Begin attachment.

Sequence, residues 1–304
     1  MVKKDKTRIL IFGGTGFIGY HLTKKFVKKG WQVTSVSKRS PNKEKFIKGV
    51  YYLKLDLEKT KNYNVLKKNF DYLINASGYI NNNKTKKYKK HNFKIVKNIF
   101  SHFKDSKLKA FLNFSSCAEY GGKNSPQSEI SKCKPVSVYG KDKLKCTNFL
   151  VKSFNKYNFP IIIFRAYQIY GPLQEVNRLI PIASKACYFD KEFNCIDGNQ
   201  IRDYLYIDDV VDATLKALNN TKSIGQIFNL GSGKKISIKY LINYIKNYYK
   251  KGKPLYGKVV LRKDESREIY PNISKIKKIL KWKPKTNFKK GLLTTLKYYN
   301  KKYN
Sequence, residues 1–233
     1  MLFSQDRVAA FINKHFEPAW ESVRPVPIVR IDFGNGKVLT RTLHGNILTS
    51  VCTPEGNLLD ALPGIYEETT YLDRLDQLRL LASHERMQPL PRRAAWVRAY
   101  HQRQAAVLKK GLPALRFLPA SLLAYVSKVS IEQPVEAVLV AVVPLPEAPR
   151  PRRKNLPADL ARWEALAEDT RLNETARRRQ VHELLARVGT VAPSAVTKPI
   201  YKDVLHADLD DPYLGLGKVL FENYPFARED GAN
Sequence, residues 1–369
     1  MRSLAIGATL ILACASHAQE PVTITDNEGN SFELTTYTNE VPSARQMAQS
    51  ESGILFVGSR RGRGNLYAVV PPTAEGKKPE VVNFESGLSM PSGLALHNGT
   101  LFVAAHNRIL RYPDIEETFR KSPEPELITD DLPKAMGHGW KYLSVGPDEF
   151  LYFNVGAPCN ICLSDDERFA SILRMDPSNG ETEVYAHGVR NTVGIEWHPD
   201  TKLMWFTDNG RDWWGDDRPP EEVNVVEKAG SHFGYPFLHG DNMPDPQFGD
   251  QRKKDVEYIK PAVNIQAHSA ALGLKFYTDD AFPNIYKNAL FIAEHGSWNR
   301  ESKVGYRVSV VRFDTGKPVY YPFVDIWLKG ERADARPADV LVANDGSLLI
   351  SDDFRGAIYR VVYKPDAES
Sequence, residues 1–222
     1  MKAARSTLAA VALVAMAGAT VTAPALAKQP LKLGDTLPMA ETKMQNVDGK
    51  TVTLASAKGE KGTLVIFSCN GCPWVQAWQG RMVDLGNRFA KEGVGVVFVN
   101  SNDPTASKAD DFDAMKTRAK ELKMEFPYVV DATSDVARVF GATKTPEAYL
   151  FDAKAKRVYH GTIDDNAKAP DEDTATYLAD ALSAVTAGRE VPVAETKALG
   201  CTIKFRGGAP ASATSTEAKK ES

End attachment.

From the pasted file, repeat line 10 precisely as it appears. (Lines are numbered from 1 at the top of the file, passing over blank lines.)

     1  MLFSQDRVAA FINKHFEPAW ESVRPVPIVR IDFGNGKVLT RTLHGNILTS